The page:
COUNCILS HAVE CALLED an end to their dispute with the Scottish Government and accepted the terms laid out by Finance Secretary John Swinney.
Today is the deadline set by Mr Swinney for acceptance of his terms which effectively puts an end to a train of events started by Moray Council’s December announcement of their intention to raise council tax by 18%.
Leaders in Moray had already said there is no hope of their breaking the Council Tax freeze in the face of the £5million in penalty charges that would result, but on Monday the president of the Confederation of Scottish Local Authorities (Cosla) said that the deal would be accepted.
However, Cosla president David O’Neill hit out at the Scottish Government, saying that it was “hypocritical” of them to place sanctions on local authorities that they would never themselves accept from the UK Government.
While accepting that the £774million reduction in the local council grant would be agreed, Mr O’Neill added: “All we are expecting for local government is the same level of respect that the Scottish Government demand from Westminster in areas such as discussions on the [Scotland Bill] fiscal framework.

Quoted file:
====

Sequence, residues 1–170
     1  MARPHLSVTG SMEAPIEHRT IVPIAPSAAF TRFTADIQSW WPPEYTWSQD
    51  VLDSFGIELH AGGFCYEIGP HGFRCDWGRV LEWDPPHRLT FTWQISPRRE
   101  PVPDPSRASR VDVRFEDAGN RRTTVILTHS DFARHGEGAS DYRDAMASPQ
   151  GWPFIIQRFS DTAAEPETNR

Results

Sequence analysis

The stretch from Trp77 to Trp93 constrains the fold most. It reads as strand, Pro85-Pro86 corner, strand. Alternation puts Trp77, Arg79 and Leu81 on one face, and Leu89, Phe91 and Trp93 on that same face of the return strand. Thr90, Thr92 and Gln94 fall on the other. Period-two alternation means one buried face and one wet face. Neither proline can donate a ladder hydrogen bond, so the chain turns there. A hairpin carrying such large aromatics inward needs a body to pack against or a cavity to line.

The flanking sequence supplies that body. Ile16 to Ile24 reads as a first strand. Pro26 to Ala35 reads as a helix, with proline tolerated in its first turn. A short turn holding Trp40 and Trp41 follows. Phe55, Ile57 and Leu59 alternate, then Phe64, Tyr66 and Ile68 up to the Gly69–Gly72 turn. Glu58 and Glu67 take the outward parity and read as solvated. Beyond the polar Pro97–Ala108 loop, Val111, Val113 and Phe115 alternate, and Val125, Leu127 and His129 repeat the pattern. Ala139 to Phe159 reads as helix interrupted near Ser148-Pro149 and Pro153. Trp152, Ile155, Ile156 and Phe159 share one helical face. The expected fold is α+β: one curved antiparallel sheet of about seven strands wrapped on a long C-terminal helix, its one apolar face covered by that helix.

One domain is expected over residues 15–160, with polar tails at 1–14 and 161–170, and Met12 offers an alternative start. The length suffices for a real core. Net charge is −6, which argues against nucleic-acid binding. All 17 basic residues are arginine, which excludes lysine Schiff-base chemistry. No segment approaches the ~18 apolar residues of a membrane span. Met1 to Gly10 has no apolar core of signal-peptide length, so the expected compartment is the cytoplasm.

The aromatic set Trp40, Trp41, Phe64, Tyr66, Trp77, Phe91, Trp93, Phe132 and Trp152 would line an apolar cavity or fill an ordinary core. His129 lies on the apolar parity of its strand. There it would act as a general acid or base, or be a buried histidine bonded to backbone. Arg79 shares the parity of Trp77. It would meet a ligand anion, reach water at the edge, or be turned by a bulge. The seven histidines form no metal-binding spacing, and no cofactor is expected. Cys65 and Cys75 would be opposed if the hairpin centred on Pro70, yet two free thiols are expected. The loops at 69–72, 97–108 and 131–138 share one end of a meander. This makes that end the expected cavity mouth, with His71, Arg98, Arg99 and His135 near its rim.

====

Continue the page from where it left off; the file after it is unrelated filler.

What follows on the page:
“There they would rightly find it unacceptable if Westminster was to impose a deal that sanctions and cut across the collective democratic view of the Scottish Cabinet.
“It is hypocritical for them to demand that, as they hold the power, everyone else has to accept it or be punished in the most draconian of fashions.”
Meanwhile Scottish Labour leader Kezia Dugdale used a visit to a nursery in Glasgow to hit out at the Scottish Government, saying that their budget had included a 57% cut in council funding for the building of new nurseries required to meet the SNP’s 600 hours of free childcare pledge. She said: “Nicola Sturgeon made a promise to families across Scotland – she would stand up against austerity and invest in the future.
“Instead, today she will force councils across Scotland to sign up to hundreds of millions of pounds of cuts – or face sanctions of hundreds of millions more. These cuts will be devastating to schools and children’s services throughout Scotland.”
Moray Council will meet next week to discuss their 2016/17 budget with the ruling administration expected to confirm that around £8million will be withdrawn from reserves to help meet the total £11million shortfall in funding requirements.
A Scottish Government spokesman said that the pressures on local councils and tax payers throughout Scotland was recognised, adding: “That is why it is important to maintain the council tax freeze while we consider ways to replace it.”